Thursday, June 28, 2012

Matt 6:5 προσευχη . . . εση

Some scribes, in favor of better syntax, altered the singular προσευχη and εση (D E K L M S U W Xvid Δ Θ Π Σ Φ Ω f13 33 k q sy-c.p.h) into the plural προσευχησθε and εσεσθε (ℵ2 B Z f1 892 lat sy-hmg co). Griesbach (1:65) disagrees: "For since the oration advances in the singular number in what precedes and follows (6:2, 3, 4, 6), a scribe or critic could easily have induced his mind to correct the author and write also in verse 5 προσευχη and εση in place of προσευχεσθε and εσεσθε." But this explanation, which dismisses almost the entire Greek tradition, overlooks weightier internal factors.
     Bloomfield (GNT, 42) states that "it is plain that the plural forms were introduced by Critics, who thought them required by the plurals further on, and were not aware that this use of the singular is a characteristic of the popular style in address," and also (Annotations, 5) that the plurals "may have been a correction issuing from critics, and introduced in order to suit the plural at φιλουσι."
     Indeed, it appears that the change to plural in some manuscripts was only natural in order to conform the verbs with the plural number of the subject of comparison that follows, οι υποκριται, which itself requires the understood (but unwritten) plural εισιν, assuming the authenticity of εση for the sake of argument. In 6:2 the subject of comparison (also οι υποκριται) has a plural verb supplied (ποιουσιν), and so the presence of the singular number ποιης and σαλπισης presented no difficulty. In 6:16 a situation similar to the present exists: the plural subject of comparison (again οι υποκριται) has no verb supplied, but since the second person plural forms were used (νηστευητε and γινεσθε), there is no grammatical discrepancy between the number of the subject of comparison and the verbs they serve.
     In 6:5, however, the discrepancy reflected in most manuscripts seemed difficult and thus was altered, naturally and perhaps first in early versions such as Latin and Coptic. Possibly, the origin of the plural number that is so slimly attested in Greek (only 3 manuscripts from before the 9th century) was through versional contamination, since early on bilingual manuscripts in non-Greek-speaking areas were in common use. Although less likely, conformation to the number of the plural verbs (φιλουσιν, φανωσιν, and απεχουσιν) that appear in the same verse might also explain the change.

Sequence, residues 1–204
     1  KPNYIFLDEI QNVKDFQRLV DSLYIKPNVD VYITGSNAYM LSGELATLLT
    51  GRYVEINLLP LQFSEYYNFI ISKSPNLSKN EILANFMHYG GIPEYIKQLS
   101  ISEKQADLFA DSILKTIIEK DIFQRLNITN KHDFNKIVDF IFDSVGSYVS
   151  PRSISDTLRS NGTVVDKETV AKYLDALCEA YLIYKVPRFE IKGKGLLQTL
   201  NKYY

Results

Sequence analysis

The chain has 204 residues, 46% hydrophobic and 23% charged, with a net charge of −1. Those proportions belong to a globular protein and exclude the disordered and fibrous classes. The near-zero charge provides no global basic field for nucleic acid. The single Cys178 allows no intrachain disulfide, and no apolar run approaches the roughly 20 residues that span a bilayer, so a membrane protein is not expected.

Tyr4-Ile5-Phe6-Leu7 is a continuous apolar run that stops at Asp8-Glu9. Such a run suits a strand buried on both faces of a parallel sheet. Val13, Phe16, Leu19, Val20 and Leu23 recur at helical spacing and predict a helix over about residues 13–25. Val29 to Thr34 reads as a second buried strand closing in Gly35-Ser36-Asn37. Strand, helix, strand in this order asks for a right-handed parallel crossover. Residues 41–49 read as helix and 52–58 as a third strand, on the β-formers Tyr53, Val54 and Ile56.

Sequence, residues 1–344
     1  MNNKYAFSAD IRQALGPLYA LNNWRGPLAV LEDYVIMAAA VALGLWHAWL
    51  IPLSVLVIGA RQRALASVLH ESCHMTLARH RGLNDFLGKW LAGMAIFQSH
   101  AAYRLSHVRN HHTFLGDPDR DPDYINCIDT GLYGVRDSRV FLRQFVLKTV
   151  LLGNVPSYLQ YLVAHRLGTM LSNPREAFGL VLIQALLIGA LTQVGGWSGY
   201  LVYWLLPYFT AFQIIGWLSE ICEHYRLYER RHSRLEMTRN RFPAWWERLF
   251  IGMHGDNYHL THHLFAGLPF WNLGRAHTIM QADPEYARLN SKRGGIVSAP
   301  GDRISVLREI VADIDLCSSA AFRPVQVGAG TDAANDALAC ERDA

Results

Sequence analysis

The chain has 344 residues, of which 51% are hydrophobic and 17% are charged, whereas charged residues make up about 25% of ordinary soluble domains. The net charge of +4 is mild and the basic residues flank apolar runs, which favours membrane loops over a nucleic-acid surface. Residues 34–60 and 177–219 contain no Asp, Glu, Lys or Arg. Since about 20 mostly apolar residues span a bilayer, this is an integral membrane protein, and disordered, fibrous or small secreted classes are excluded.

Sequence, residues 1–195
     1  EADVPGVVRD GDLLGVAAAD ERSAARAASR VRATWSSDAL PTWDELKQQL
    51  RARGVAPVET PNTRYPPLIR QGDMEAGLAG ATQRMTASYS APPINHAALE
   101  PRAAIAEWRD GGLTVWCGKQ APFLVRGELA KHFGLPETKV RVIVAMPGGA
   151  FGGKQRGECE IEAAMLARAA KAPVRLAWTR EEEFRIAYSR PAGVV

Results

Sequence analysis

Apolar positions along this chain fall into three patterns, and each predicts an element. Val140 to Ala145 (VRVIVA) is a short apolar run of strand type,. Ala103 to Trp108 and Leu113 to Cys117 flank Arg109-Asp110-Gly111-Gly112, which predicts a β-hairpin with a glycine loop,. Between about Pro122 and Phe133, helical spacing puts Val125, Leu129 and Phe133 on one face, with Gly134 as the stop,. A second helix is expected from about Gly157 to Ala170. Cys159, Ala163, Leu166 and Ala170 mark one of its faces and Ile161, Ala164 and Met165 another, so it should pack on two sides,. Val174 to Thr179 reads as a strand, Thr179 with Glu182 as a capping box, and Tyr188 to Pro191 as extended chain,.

Additionally, there is possible evidence of a scribal attempt to cope with the more difficult reading of most manuscripts, namely, the transitional form attested in ℵ*: και οταν προσευχη [singular], ουκ εσεσθε [plural] ως οι υποκριται. Apparently the verb closest to the plural subject of the comparison (and thus thought to govern it since its own verb is unwritten) was altered to make its number conform with it.
     The fact that Matthew frequently switches between the singular and plural, with virtually never any major effect upon scribes, minimizes the weight of Griesbach's explanation and heightens the force of the real reason for the change that caused only a few surviving Greek manuscripts to suffer unnecessary alteration.

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